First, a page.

Mark Lockley is a seasoned negotiator
There's no better time to indulge in a spot of old fashioned bargaining - and you don't need to be a smooth talker.
Marc Lockley, founder of Lockley Associates and author of How To Pay Less For More, shares his tips on how to get a good bargain through skilled negotiation rather than blatant haggling (there's a fine line) with Working Lunch.
WL: What is the difference between haggling and negotiating?
ML: Haggling is flying by the seat of your pants, being cheeky, asking for a discount without any justification for why you should have one. Negotiating is going in prepared with research as to why you should get that discount. It's looking at competitors and knowing the market.
What's the secret of success?
The skill with negotiating is knowing the motivation of the sales people - understanding both sides. Why you want and deserve the discount, and why they should give it to you.
Beware of giving off bad 'buying signals'. If you walk into a store and, for example, start telling the sales person how your fridge/freezer has just packed up, they'll see pound signs. They know your ready meal is defrosting as you speak... and so they know you will buy.
It's amazing how many people show their desperation! The trick is to remain keen but not over-enthusiastic.
Make your money go further by beating down the price
Do sales people on the shop floor have the authority to give you a discount?
Some do, some don't. You need to speak to a 'decision maker' so that's a manager or an assistant manager. Sometimes it's easier in an independent store because the owner is standing behind the counter.
Try it in larger stores when you are buying electronic goods - the sales staff have their own pre-agreed commission on sales so you can haggle and the salesperson can decide (and often does) to use part of his or her commission to cut the price rather than see a sale walk out of the door for the sake of a few pounds. To make the sale they'll ease the price on the principle that 10% or 5% even 2% commission is better than no commission at all.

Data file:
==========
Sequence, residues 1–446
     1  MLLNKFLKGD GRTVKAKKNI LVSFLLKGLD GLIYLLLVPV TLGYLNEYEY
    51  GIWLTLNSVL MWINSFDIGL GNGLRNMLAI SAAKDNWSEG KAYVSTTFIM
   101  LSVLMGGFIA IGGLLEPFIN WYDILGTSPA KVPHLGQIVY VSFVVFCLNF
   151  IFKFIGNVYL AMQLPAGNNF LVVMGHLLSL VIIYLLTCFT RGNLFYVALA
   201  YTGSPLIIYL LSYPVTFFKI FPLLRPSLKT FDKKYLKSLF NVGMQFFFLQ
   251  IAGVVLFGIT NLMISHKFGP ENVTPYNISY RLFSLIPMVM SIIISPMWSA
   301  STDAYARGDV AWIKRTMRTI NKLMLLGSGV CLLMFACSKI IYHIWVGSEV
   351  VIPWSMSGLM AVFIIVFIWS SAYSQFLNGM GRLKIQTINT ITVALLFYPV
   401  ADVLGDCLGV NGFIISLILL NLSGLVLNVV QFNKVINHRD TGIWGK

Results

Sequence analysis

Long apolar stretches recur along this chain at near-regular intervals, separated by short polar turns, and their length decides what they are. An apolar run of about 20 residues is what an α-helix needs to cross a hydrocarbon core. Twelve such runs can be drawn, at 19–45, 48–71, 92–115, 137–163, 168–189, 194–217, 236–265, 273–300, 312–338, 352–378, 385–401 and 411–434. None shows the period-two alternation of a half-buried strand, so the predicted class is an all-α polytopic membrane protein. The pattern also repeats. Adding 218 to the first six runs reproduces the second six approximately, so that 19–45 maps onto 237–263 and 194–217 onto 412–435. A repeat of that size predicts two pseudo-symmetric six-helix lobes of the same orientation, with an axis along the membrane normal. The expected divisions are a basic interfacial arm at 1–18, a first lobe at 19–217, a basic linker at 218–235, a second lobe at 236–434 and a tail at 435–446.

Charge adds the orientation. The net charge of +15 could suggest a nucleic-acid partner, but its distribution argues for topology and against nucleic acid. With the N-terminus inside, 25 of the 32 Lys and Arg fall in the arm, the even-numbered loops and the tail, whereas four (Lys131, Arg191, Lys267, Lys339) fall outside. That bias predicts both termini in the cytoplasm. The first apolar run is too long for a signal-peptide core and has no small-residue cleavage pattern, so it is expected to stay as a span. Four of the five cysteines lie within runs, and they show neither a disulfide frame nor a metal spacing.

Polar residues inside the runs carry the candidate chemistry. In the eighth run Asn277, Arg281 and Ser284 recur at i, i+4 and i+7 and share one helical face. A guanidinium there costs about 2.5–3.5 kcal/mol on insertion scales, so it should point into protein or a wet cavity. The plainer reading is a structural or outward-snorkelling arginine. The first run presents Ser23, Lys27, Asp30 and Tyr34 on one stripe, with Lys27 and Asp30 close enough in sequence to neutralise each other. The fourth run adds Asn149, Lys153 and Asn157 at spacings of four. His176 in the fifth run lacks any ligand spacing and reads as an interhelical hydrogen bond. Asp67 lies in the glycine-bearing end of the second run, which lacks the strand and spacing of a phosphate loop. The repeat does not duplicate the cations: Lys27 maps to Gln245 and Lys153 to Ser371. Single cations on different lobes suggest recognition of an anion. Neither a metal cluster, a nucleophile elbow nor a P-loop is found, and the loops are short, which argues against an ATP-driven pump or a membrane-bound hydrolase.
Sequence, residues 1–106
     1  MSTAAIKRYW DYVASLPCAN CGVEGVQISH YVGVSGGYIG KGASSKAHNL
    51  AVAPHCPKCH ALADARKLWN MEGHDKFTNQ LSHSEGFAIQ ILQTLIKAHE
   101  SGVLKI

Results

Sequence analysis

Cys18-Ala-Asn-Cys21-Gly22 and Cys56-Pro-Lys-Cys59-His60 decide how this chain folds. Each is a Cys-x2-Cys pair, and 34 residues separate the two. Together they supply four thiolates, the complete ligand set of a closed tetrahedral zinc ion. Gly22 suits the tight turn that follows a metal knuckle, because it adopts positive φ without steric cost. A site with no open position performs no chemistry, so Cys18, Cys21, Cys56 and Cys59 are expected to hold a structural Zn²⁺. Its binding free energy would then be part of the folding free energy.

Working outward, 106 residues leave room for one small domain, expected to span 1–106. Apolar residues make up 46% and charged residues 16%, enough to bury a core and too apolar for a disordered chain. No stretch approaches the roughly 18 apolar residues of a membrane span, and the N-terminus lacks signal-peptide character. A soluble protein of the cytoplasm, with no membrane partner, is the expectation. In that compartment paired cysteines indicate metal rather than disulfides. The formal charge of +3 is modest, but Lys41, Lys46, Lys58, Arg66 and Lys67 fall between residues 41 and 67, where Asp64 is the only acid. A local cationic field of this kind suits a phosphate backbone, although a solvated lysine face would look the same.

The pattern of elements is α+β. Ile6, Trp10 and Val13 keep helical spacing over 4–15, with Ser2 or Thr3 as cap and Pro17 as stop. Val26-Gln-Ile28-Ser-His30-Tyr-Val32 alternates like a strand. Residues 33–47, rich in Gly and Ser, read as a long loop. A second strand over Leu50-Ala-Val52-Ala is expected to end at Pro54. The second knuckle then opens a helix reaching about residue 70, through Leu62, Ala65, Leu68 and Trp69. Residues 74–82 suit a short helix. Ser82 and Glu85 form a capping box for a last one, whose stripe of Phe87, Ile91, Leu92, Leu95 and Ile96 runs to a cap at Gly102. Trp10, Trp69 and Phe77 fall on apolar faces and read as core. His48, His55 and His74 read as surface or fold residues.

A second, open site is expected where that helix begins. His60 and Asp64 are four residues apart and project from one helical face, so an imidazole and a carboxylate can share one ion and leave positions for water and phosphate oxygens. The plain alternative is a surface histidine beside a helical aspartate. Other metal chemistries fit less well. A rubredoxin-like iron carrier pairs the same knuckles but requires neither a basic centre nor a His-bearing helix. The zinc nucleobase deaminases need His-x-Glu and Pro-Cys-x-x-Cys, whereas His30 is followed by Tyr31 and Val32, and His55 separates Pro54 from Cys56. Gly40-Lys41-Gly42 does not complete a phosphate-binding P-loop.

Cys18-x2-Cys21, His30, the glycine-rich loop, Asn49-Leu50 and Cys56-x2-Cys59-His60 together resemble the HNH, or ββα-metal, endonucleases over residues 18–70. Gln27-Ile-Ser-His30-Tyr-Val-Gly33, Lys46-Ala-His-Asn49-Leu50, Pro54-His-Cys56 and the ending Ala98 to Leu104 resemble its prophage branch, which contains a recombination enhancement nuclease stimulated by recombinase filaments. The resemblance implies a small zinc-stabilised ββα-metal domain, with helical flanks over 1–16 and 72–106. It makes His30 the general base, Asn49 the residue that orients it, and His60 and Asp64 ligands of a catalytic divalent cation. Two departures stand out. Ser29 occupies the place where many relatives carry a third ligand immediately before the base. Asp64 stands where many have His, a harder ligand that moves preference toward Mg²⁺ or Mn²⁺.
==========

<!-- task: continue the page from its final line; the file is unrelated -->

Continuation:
What is the best saving you have made?
I got my car from the stickered price of £18,000 to £14,000 with some extras thrown in. This year I also got my fridge/freezer for £250 from £350 so saved £100.
You should complain if things aren't right and ask for a discount. I got £60-70 off my phone bills this year because I complained abut poor customer service. I got £8 off my internet package.
You can easily save between £1000 - £2000 if you negotiate well.
What preparation should you do?
You should go in with three prices in mind - your ideal price, your 'good' price and your 'walk away' price. If you can't negotiate on the price then maybe try for added value.
Make sure you know what their competitors are offering. Go in with a print-out of other stores' prices if you can. Know how the industry is doing as well.
A pleasant host may be more helpful...
Where should you be wary?
Don't push it too far in restaurants because you don't know what they will serve you! Also, it's pointless trying to push too far on independent hotels as you may get a discount but an unpleasant host. A pleasant host would probably be more help in knowing good value local services and discounts - so it pays to have them on side.
Is there a difference between negotiating goods and services?
With goods you usually won't get it below cost price. Whereas with services there is a lot more room for bargaining. Services are based on the current market; supply and demand - if their industry isn't doing well then they will accept a lower price than if it was booming. Its only worth what people are prepared to pay.
Is it really worth it?
If you do an hour and a half research preparation and make a £100 saving that's worth doing!
How do you get into the negotiating mindset?
Always ask yourself "Do I have to pay this?" Be able to justify why you want the discount.
When you first start you are bound to be reticent but when you get into it you will be walking out of shops and punching the air - it's a great feeling.
Is it unethical to try and squeeze small businesses out of their profits, especially in the current climate when they are trying to make ends meet?
No - they can say no. its about you and the shopkeeper agreeing on a price that suits you both. Negotiating actually encourages trade. In an independent shop you have the decision maker behind the counter so it's better for negotiating, which then brings business back to smaller independent stores rather than high street giants.
From their point of view you will be great for word of mouth if they are nice to you. It actually encourages people to trade and gets people to spend if they weren't able to afford the full price.